Jobs data continues to improve
19th May: Highlights
- In the UK, the recovery centres on jobs
- Yellen remains on the front foot
- Inflation above 3% an affront to Germany and the Bundesbank
Could the UK really see a shortage of workers
There are several issues which may happen later in the year around inflation and further stimulus to derail the rosy glow on Boris Johnson’s cheeks. One Of the issues could be the lack of a skilled labour force.
There has been a surge in ambition from those who worked in hospitality and were either laid off or furloughed during the various lockdowns. That has meant that as the reopening has begun bar staff, waiters and kitchen staff appear to be in short supply.
At the other end of the skills spectrum, the absence of a full year’s training has meant that certain skills in engineering and manufacturing could also suffer.
On the surface, yesterday’s data was encouraging without being spectacular. The unemployment rate fell, from 4.9% to 4.8%, as did the number of claimants. The fall was less than seen last month but the trend remains positive.
One small inflationary hint was seen in the rise in the three-month average of earnings to March from 4.4% to 4.6%.
There is going to be a far lower peak in jobless than the Government had feared at the height of the Pandemic and this may give Rishi Sunak a little wiggle room as the debit column headed benefits falls and the credit column for tax receipts rises.
With inflation data expected later this morning, the focus will turn to the Bank of England.
There is still a significant majority of the MPC in favour of keeping the level of purchases steady, that may change should there be a significant rise in prices or a continuation of data that points to a rise later in the year.
The pound rose to a high of 1.4220 yesterday as the dollar index fell. It closed at 1.4192. It now looks to have sufficient momentum to challenge the year’s high of 1.4243 seen in late February.
Tax benefits of full employment to support recovery
There is little doubt that the market shot for the stars over employment but was disappointed at only reaching the moon.
Yellen has developed an attitude that if two trillion isn’t enough, let’s try three trillion.
She gauges the mood of the country as wanting to see a recovery from the Pandemic whatever the cost. That typifies the shift in U.S. politics since the election. While in most democracies, such a move is a natural phenomenon, in the U.S. the shift to the left is almost seismic.
Already smarting from concerns about where and more importantly, how coronavirus arrived, to then place a huge burden on the relationship by asking the Chinese Government to increase its investments substantially although there remains the threat of a trade war, could be a giant leap of faith and diplomatic skills.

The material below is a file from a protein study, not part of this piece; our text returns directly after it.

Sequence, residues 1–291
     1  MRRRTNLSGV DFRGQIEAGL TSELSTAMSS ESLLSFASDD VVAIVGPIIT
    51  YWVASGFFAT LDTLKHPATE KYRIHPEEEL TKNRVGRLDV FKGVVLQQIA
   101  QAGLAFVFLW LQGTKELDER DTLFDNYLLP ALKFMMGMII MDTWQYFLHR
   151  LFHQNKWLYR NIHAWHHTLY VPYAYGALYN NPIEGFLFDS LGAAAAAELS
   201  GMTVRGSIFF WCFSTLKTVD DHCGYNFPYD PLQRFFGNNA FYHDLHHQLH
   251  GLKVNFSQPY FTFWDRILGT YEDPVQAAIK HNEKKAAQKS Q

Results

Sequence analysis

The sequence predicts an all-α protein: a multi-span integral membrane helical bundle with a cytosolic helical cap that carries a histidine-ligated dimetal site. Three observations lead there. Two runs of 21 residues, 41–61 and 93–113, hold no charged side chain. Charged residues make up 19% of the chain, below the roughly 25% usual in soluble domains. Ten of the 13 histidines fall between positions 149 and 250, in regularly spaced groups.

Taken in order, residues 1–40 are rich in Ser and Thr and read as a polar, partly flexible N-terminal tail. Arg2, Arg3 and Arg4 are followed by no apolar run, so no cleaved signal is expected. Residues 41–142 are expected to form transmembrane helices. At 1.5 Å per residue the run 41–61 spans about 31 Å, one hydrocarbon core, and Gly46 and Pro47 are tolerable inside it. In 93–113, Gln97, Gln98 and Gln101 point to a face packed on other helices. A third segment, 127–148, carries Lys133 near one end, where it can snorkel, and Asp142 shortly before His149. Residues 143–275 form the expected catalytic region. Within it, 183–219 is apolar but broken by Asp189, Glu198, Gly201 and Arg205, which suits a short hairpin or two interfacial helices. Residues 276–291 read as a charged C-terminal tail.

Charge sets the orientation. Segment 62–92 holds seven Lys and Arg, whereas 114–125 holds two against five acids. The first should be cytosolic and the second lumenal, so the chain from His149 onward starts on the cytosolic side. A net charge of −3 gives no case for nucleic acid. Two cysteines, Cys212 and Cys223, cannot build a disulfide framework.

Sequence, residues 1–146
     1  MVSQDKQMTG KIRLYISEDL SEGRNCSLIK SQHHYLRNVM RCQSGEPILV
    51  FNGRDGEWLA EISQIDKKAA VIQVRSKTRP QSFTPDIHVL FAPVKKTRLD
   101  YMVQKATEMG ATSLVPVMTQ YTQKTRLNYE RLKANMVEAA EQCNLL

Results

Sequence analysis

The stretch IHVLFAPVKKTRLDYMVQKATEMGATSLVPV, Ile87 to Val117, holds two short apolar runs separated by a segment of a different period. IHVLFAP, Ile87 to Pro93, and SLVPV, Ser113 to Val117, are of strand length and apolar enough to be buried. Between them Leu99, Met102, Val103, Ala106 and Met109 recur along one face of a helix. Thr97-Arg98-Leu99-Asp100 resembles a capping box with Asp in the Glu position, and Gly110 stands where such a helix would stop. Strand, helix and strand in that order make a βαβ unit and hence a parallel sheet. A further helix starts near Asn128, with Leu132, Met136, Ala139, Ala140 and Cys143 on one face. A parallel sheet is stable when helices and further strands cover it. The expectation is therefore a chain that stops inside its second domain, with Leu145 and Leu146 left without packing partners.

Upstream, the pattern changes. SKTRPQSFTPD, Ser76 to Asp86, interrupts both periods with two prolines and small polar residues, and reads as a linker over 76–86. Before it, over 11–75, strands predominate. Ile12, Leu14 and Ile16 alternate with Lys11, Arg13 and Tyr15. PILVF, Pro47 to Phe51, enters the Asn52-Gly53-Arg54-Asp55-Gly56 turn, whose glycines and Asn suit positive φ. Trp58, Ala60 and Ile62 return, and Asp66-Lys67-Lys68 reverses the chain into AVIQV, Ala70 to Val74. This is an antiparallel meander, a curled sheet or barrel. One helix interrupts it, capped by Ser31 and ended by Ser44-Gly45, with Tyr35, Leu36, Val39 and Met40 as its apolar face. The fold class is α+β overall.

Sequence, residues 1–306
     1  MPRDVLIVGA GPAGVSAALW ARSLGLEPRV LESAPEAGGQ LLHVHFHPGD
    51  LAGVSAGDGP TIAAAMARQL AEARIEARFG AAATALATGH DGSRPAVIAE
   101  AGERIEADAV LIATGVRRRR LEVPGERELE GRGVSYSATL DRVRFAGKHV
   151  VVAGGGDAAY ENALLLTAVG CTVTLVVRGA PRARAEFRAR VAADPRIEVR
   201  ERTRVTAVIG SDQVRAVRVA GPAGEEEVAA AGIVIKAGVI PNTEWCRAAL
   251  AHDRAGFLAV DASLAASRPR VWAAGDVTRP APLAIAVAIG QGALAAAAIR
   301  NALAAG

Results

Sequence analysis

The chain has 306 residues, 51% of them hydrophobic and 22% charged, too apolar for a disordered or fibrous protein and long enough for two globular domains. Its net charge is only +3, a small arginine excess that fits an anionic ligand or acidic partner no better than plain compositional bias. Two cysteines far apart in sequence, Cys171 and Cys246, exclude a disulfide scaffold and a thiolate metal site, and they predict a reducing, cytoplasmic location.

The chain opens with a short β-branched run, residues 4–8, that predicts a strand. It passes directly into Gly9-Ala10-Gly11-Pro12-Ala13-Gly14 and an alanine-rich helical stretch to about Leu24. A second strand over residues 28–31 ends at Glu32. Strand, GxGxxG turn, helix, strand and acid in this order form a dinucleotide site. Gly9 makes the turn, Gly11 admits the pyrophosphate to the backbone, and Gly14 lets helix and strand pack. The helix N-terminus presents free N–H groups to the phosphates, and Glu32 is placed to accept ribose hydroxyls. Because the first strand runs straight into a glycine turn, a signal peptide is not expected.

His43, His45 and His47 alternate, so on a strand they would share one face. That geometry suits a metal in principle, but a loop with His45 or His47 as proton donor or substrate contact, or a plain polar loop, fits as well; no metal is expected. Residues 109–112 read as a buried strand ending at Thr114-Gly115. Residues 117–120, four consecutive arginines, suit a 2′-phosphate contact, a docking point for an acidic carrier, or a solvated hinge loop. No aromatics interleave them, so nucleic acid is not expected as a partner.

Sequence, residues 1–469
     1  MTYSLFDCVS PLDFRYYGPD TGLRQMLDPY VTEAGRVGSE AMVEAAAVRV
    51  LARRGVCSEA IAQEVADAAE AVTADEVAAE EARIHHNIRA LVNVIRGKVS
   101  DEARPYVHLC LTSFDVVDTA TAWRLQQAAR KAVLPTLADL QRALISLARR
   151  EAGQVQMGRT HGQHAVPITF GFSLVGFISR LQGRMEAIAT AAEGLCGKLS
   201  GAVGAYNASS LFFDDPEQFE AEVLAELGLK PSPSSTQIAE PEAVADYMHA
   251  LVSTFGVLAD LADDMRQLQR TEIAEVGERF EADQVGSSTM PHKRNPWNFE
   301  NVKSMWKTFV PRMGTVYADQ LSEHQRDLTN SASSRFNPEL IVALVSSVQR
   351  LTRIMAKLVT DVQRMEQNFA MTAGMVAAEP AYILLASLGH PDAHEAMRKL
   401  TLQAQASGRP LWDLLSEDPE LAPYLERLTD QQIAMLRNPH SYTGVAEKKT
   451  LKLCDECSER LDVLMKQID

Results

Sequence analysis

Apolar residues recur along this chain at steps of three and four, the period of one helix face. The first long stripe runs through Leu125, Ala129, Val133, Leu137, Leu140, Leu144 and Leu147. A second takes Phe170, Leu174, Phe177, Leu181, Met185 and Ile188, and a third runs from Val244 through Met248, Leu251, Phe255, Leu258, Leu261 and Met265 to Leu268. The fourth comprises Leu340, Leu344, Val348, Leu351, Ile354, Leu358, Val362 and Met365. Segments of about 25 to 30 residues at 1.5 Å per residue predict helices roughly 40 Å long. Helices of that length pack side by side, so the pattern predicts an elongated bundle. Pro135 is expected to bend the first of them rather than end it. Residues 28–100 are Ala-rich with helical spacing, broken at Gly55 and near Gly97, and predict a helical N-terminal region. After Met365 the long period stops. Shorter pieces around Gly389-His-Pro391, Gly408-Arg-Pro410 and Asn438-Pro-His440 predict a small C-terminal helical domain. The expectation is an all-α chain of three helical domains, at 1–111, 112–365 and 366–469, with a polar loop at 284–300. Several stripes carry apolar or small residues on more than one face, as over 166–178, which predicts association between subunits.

Corporate taxation was cut substantially by the Trump administration but the time for such gifts is now in the past. While Biden wants to reverse the cut from 35% to 21% totally, he is unlikely to get that past Congress.
This evening’s release of the minutes of the latest FOMC meeting will drive the market dynamics for the rest of the week at least.
Given the comments made by FOMC members since the meeting it is impossible to imagine that anything was discussed that could reverse recent policy.
With a rise in rates unexpected before 2023, although the tapering of bond purchases will begin early next year, it remains a major question whether the market will allow the Fed to simply continue to make what are beginning to seem like flippant or glib comments.
The dollar is still under pressure which points to a short-term acceptance of dovish monetary policy.
Yesterday, the dollar index fell to 89.69, closing at 89.79. Having broken the 90 level, it will take a major turnaround in policy or more likely rhetoric to see the greenback recover.
Interest rates being driven by debtor nations
There were several votes taken where countries’ populations were asked to verify their Government’s decision.
Well at the time of the agreement, Germany made everyone promise that the ECB would act like the Bundesbank when it came to inflation.
That was the last time German inflation reached above 3%
The ECB has done a good job of keeping inflation under control. Although it may also be true that successive crises have ensured inflation has been rather too low.
The cost of keeping inflation at manageable levels has been the near destruction of several economies. The restrictive debt to GDP rules that are part of the budgetary rules mean that it has taken a long time for countries like Greece, Italy, Spain, and Portugal to recover while another, Cyprus, may never be the same again.
So, what does Germany get out of being a member of the European Union and why should it continue to provide succour to weaker nations. The notion of dominance of monetary policy is no longer valid. It is certain that German inflation will rise above 3% this year and an expected influx of foreign workers will deprive Germans of jobs bringing a lurch to the right.
It was always expected that France would stand side to side with Germany to create a more Federal Europe with a unified defence but that is now hard to imagine, particularly if Le Pen becomes President.
The euro remains unsure of its own continued existence and is now no more than a makeweight for the dollar index. As the dollar weakened yesterday, the euro rose to a high of 1.2233 and remained close to that level.
That is good news for the fight in inflation but makes an export led recovery more difficult.
About Alan Hill
Alan has been involved in the FX market for more than 25 years and brings a wealth of experience to his content. His knowledge has been gained while trading through some of the most volatile periods of recent history. His commentary relies on an understanding of past events and how they will affect future market performance.”